Acalabrutinib (A) and ibrutinib (I) are both highly effective Bruton tyrosine kinase (BTK) inhibitors approved for the treatment of chronic lymphocytic leukemia (CLL) and given as continuous treatments until disease progression or unacceptable toxicity.
Venetoclax (V) is a B-cell lymphoma-2 (BCL-2) inhibitor prescribed in combination with obinutuzumab (V+O) for a fixed (12-cycle) duration in treatment-naïve CLL patients.
At the American Society of Hematology Annual Meeting and Exposition held in Atlanta, GA, in Dec. 2021 (ASH 2021), Dr. Matthew Davids of Dana Farber Cancer Institute in Boston presented data to compare different drugs and drug combinations across clinical trials.
This type of research is fraught with problems, including concerns that the groups being compared are truly similar and that the trials are measuring the same outcomes. Trials that do head-to-head comparisons make for the best data.
The way these researchers tried to overcome the difficulties was to weigh the baseline comparisons and figure that into the data.
Individual patient data were weighted to match the aggregate baseline characteristics of:
- A ± obinutuzumab (A+O) from ELEVATE-TN (Sharman et al. ASCO 2021)
- I monotherapy arm from the ALLIANCE trial (Woyach et al. NEJM. 2018)
- The V+O arm from the CLL-14 trial (Al-Sawaf et al. Lancet Oncol 2020).
These are three major influential CLL trials reviewed on this website and the web.
- This Matching-Adjusted Indirect Treatment Comparison or MAIC included 47-months of data from ELEVATE-TN trial, 38-months of data from the ALLIANCE trial, and 40-months of data from the CLL-14 trial.
- In the A vs I comparison, the progression-free survival or PFS (hazard ratio [HR] 0.83 and overall survival or OS (HR 0.69) numerically favored A, but the difference was not statistically significant.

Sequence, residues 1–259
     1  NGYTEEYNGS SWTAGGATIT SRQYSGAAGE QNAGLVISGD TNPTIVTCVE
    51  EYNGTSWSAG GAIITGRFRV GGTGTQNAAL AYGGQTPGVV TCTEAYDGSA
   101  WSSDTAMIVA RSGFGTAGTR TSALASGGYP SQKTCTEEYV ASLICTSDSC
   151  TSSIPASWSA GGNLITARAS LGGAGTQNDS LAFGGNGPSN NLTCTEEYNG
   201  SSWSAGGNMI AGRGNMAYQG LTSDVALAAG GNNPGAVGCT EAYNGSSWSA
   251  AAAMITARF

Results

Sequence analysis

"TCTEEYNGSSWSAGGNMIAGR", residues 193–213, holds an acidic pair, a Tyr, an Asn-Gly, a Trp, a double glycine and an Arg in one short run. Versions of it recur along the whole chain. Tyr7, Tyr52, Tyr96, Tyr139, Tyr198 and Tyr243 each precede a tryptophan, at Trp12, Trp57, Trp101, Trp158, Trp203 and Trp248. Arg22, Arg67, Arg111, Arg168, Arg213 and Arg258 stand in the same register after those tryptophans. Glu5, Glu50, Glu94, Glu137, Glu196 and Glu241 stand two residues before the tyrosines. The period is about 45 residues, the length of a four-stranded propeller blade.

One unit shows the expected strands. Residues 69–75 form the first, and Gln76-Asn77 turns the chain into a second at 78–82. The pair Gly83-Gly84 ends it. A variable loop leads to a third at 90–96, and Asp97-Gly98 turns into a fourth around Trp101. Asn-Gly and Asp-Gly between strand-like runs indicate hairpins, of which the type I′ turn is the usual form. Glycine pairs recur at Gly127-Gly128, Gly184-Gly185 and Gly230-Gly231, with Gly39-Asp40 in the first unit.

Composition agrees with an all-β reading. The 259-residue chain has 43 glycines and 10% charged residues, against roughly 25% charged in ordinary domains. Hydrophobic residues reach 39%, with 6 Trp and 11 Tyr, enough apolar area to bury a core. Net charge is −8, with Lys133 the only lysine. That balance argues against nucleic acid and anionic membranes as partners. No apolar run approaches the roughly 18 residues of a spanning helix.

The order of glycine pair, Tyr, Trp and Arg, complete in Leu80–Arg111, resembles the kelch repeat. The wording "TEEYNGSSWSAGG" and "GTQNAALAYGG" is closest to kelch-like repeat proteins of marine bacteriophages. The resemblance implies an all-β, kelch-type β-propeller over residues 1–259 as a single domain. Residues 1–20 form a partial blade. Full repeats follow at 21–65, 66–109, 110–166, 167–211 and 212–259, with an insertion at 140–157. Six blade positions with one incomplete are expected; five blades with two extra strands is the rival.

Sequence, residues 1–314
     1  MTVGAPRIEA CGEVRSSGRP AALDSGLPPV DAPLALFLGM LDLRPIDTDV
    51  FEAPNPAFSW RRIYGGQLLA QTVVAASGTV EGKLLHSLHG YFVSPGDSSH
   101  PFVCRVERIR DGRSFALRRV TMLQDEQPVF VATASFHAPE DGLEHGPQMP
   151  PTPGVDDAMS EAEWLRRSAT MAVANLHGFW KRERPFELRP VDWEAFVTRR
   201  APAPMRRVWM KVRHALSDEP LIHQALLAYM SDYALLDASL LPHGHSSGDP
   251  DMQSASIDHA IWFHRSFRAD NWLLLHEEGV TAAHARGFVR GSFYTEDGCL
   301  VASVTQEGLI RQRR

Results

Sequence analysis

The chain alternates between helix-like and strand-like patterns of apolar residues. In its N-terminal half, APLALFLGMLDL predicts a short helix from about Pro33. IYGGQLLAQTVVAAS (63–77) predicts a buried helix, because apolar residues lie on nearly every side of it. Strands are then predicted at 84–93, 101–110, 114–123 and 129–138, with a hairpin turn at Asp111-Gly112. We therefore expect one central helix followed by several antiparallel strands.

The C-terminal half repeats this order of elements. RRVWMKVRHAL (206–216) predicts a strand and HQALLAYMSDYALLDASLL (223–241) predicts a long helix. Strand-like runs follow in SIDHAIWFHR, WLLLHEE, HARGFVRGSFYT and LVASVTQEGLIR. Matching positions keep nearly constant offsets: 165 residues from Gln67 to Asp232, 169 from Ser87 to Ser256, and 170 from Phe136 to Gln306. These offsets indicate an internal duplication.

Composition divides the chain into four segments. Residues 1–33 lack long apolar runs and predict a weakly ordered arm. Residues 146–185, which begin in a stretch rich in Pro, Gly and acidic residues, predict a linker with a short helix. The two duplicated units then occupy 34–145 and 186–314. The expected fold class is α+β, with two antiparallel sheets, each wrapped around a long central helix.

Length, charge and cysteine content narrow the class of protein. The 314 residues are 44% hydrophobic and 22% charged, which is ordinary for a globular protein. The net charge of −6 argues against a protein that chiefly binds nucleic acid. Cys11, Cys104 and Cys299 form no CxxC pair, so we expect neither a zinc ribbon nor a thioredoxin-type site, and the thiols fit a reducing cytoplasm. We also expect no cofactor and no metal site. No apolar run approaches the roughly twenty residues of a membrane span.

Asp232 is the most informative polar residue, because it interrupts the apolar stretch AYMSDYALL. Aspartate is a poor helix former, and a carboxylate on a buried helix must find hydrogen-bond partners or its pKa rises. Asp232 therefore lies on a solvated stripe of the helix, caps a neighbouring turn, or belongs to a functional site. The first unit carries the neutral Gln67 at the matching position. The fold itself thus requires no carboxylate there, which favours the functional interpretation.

- The A vs V+O comparison did not show significant differences in PFS (HR 0.96) and OS (HR 0.99).
- For A+O vs. I, significant differences in PFS (HR 0.48) and OS (HR 0.41) were observed.
- For A+O versus V+O, significant differences were observed for PFS (HR 0.38) and OS (HR 0.43).
- Significant differences in more serious adverse events, AEs in favor of A and A+O were observed versus I for atrial fibrillation, hypertension, decreased neutrophil count, and decreased platelet count.
- Compared with V+O, patients treated with A had significantly lower rates of febrile neutropenia, leukopenia, neutropenia, thrombocytopenia, non-melanoma skin cancer, and secondary primary malignancies excluding non-melanoma skin cancer. In addition, for A+O vs V+O, significantly lower rates of infusion-related reaction, neutropenia, and non-melanoma skin cancer were observed among patients treated with A+O.
Based on these MAIC results, A and A+O are associated with a more favorable safety profile versus both I and V+O.
These MAIC results demonstrate that A+O is associated with a significant efficacy benefit versus both I and V+O with longer follow-up.
A limitation of this MAIC is not including all potential prognostic as a trade-off to conserve the effective sample size. As stated in my introduction, comparison across trials is fraught with possible missteps, and the only rigorous way to compare drugs is to compare the drugs in head-to-head studies. For many reasons, these trials may never happen, so this type of retrospective Matching-Adjusted Indirect Treatment Comparison is an attempt to understand better how these drugs compare.
When deciding on any frontline therapy, one should carefully look at the trial data for the options in consideration, but not stop there.
Next, one needs to weigh how closely your circumstances match those of the group being studied.
Finally, one needs to carefully consider how one’s treatment preferences and other medical conditions influence the decision about your “best” therapy.
Here is the actual ASH 2021 article for review: Matching-Adjusted Indirect Treatment Comparison (MAIC) of Acalabrutinib Alone or in Combination with Obinutuzumab Versus Ibrutinib or Venetoclax Plus Obinutuzumab in Patients with Treatment-Naïve Chronic Lymphocytic Leukemia.
Here is my short video monologue on this research.
Stay strong. We are all in this together.
Brian Koffman MDCM (retired) MS Ed (he, him, his)
Co-Founder, Executive VP, and Chief Medical Officer
CLL Society, Inc.